They serve organic coffee, tea, fresh juice and cold beer, as well as having a bakery and small restaurant on site. Like many tourist sites throughout South America, there is a magic swing here for a photo opp and a beautiful mirador looking out toward the ocean. We plan to buy a few baked goods to keep on us for lunch before we head to Garrapatero Beach.

Other places we plan to stop at en route: El Trapiche Ecologico Galapagos, another eco-tourism farm with a focus on organic products, coffee and chocolates; Oh My God! Coffee in Bellavista, great coffees, jugo and free smoothies with another location on Av. Darwin in Puerto Ayora; Majitos Cupcakes in Bellavista – all located along Via Playa el Garrapatero


This remote cove on the eastern edge of Santa Cruz Island is a great place for a lazy beach day. Garrapatero is definitely the best place on Santa Cruz to get your traditional white sand beach fix in and there’s a reason why it is so popular among locals. First, there is much less tourist traffic than at Tortuga Bay since you have to hire a taxi in order to visit Garrapatero as it is much further removed from the bustling downtown of Puerto Ayora.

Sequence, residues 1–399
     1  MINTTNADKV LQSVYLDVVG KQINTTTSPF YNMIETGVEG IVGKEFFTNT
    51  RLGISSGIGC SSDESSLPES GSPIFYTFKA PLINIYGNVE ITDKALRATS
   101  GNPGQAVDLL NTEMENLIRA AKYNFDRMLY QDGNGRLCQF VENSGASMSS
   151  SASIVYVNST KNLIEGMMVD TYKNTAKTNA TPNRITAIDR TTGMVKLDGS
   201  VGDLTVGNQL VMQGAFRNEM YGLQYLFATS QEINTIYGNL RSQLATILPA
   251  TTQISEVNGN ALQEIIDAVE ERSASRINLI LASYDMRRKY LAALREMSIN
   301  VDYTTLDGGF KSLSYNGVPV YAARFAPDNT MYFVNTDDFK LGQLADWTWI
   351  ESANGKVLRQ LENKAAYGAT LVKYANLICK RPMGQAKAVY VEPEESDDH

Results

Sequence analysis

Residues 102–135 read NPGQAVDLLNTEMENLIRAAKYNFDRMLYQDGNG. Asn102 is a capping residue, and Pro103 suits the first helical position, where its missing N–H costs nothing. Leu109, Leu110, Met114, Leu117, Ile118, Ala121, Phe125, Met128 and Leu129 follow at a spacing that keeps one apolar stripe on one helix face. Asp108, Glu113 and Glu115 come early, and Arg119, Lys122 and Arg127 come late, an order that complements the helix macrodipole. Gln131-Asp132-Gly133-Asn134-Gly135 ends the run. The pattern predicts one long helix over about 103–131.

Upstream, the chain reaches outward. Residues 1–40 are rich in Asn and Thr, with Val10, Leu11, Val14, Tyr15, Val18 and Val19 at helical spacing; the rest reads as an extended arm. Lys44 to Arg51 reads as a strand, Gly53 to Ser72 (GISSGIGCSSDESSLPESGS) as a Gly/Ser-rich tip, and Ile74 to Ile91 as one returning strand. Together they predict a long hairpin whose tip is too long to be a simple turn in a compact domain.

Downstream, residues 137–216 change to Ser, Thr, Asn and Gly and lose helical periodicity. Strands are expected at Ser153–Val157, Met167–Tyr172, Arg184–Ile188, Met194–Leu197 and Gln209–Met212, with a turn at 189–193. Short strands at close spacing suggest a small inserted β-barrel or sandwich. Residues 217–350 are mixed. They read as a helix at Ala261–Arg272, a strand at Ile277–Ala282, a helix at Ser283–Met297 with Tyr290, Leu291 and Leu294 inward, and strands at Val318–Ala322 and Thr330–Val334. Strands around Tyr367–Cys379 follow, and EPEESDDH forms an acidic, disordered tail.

Secondly, many people who visit Tortuga Bay for its white sand beaches are also disappointed when they find out that you can’t swim at Playa Brava due to the strong currents – it only safe to swim in the murkier waters of Playa Mansa around the bend. Tortuga Bay is still a must-visit, but if you are imagining something closer to an idyllic beach to lounge, swim and sun, Garrapatero is your destination.

What wildlife might I see at Garrapatero Beach?

Even if you are having just planning to have a beach day, you will inevitably run into wildlife anywhere you visit in the islands. The fact that Garrapatero is so remote also means that it is fairly pristine and you have a chance to see the native wildlife without as much foot traffic as at Tortuga Bay and without the rush of visiting the more-regulated visitor sites that require a naturalist guide.

Garrapatero Beach is a pristine white beach located along the Garrapatero Cove where it is common to see marine iguanas and shore birds. It is only a short walk to a brackish lagoon nearby, where you may get the chance to see Galapagos flamingos, stilts, plovers and pintails. We will be visiting Garrapatero for the first time in February, so we will report back more on what animals we see there. There also appears to be some kind of kayak options to tour the cove, so we will let you know what we find out about access to this service once we are on the ground.